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I turned a passion into a business, had fair success at it, then sold the business. It's true that you shouldn't start a business in a market that you have no interest or experience in. However, if you aren't in it to make money, it's not a business--it's a charity or a hobby. If you have enough wealth to not need cash flow, that's fine. If you're like I was, it can be really challenging when you've got bills to pay and you're finding that other people in your community don't share your passion. The first part of starting a business has to be developing a business plan that has a realistic estimate of expected revenues,defining the market, and projected expenses. There are a ton of unexpected costs and taxes that come with running a small business.

That being said, I've never run a motorcycle business. But I feel like I've invested way too much in several of them
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Old 02-20-2014, 02:30 PM   #41
randyo
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Quote:
Originally Posted by spaced_ghost View Post
I really appreciate all the responses, this is really helpful.
You may want to look for an established business that the current owner is at retirement or soon to retire, give you a chance to transition, it can be a win win, you get an established customer base, owner gets to retire without feeling he has forgot his customers needs
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Old 02-20-2014, 05:02 PM   #42
cccolin OP
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I really appreciate all these thoughtful responses, guys. This has really helped clarify my thinking on it. For now, I'm going to primarily pursue the other path I had in mind, which is to move towards becoming a project consultant/designer for structural fabrication/engineering projects. I'll be able to challenge myself mentally and not have to deal with retail hell. In the meantime, I'm going to do the part time small garage version of this, fixing bikes, flipping some used ones, and building a few customs, as a hobby. I really love motorcycles, and I would like to continue loving them. I'm already really good at the other stuff and know how to make pretty decent money at it without getting in over my head in terms of capital investment. It's just a matter of setting myself up to work in an advisory capacity rather than the daily grind on the shop floor I've been doing for the last 10+ years. It'll be a challenge and a lot of hard work, too, but that's ok with me. I don't want to lose my favorite hobby and large sums of money in the process.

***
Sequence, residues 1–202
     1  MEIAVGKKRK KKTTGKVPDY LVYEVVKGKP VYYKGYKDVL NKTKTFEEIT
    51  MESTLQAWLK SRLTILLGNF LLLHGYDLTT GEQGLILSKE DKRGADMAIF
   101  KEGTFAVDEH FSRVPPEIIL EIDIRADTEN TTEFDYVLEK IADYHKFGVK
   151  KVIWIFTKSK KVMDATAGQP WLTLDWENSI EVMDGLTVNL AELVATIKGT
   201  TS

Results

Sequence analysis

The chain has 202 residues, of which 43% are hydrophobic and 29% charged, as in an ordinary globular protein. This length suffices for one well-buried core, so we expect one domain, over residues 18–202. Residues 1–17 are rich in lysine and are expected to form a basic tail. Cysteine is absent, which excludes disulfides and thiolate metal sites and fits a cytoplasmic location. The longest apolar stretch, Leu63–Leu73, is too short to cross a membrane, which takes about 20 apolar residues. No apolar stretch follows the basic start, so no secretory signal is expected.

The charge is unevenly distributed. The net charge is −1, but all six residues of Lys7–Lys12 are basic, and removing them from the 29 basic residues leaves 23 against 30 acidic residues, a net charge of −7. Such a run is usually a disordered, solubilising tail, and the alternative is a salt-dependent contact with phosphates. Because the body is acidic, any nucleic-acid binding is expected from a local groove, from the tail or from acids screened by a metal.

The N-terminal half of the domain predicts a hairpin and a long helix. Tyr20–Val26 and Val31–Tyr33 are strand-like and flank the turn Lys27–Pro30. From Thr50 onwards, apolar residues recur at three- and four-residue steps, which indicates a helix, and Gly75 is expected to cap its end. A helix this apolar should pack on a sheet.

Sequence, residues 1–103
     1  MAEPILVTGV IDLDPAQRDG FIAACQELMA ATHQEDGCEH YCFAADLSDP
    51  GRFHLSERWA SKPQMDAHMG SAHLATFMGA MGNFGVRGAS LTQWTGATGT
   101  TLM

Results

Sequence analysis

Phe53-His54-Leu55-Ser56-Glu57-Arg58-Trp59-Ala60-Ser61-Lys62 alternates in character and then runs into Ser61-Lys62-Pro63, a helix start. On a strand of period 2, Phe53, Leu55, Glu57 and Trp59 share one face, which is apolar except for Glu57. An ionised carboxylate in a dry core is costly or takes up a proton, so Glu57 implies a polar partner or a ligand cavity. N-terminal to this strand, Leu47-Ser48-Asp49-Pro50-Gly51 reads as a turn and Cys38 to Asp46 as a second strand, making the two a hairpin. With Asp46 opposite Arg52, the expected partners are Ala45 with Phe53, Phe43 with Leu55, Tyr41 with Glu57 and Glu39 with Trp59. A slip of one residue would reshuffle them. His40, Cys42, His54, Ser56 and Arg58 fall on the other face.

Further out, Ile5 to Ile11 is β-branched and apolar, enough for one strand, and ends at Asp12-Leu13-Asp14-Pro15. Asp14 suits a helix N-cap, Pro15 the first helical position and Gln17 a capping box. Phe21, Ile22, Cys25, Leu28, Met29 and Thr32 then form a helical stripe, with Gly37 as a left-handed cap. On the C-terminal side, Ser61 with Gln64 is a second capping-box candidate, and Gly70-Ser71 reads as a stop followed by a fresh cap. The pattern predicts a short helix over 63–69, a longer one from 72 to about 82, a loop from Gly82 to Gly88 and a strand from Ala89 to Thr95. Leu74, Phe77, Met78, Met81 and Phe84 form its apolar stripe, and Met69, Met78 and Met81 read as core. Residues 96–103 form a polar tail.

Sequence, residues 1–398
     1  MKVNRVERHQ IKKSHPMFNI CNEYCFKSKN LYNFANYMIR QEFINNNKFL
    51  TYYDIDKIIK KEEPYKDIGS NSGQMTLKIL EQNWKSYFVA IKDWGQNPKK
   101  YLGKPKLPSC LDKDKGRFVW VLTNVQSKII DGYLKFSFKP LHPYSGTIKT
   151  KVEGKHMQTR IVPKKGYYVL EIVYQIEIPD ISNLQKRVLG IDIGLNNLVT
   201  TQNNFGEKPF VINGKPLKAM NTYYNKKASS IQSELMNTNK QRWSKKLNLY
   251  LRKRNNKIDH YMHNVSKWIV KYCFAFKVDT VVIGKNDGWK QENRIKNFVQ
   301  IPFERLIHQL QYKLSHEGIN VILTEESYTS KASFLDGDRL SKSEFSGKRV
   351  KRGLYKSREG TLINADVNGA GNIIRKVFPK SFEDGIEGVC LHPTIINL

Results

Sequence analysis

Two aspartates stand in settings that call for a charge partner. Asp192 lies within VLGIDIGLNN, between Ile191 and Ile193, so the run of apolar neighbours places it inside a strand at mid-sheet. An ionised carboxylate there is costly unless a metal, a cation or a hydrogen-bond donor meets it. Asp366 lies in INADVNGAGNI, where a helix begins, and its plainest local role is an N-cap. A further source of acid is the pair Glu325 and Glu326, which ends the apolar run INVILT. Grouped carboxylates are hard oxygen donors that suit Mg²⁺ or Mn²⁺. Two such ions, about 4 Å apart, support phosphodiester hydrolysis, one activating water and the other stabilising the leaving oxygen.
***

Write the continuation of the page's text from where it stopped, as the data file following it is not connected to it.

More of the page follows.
I've looked into apprenticing in another moto shop, in NY it's basically impossible. Everything is so competitive and expensive here that no one wants to take a risk on creating a competitor down the road. I'll just do it my own way on the weekends as a PT hobby for now.
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Old 02-21-2014, 04:29 AM   #43
KingOfFleece
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Good move. One thing not mentioned is that when you have your own shop your annual mileage drops about 90%!
All the fun stuff you used to do with your riding buds-well, sorry, gotta run the shop, can't go.

Not to mention that you'll hear 500 times a day "but it's .45 cheaper at Ted's discount cycle superstore."
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Old 02-21-2014, 07:59 AM   #44
Bar None
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I do all my maintenance on my bikes and enjoy it but hate working on chain saws and weed eaters so I take them to shops.
Don't seem to have much trouble with my lawn mowers or tractors and don't mind working on them.

Just saying that getting in a small engine repair business as some suggested sounds like a good idea. Cherry picking bike repair jobs for fun/income also sounds good.

I started a IBM main frame consulting business after I retired from IBM in 1992 and it was so nice to be able to turn down some customers that I had to put up with when I worked for IBM. I was the boss and the sole employee.
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Old 02-21-2014, 08:39 AM   #45
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Having been in the motorcycle business for 30+ years as an owner and employee I second guess my choices almost daily. First and foremost this is a double edged sword right now. It may be the best time to start a business and it may be the worst. You location and financial abilities/reserves are paramount.

Before commenting directly on your plan let's hear your plan. If you don't have one you're done before you start. I don't mean a loosely gathered box of ideas I mean a strictly constructed orderly plan of action including projections and numbers. And most of all a Mission Statement.

I will say if you have to borrow to do it don't. Wait and save.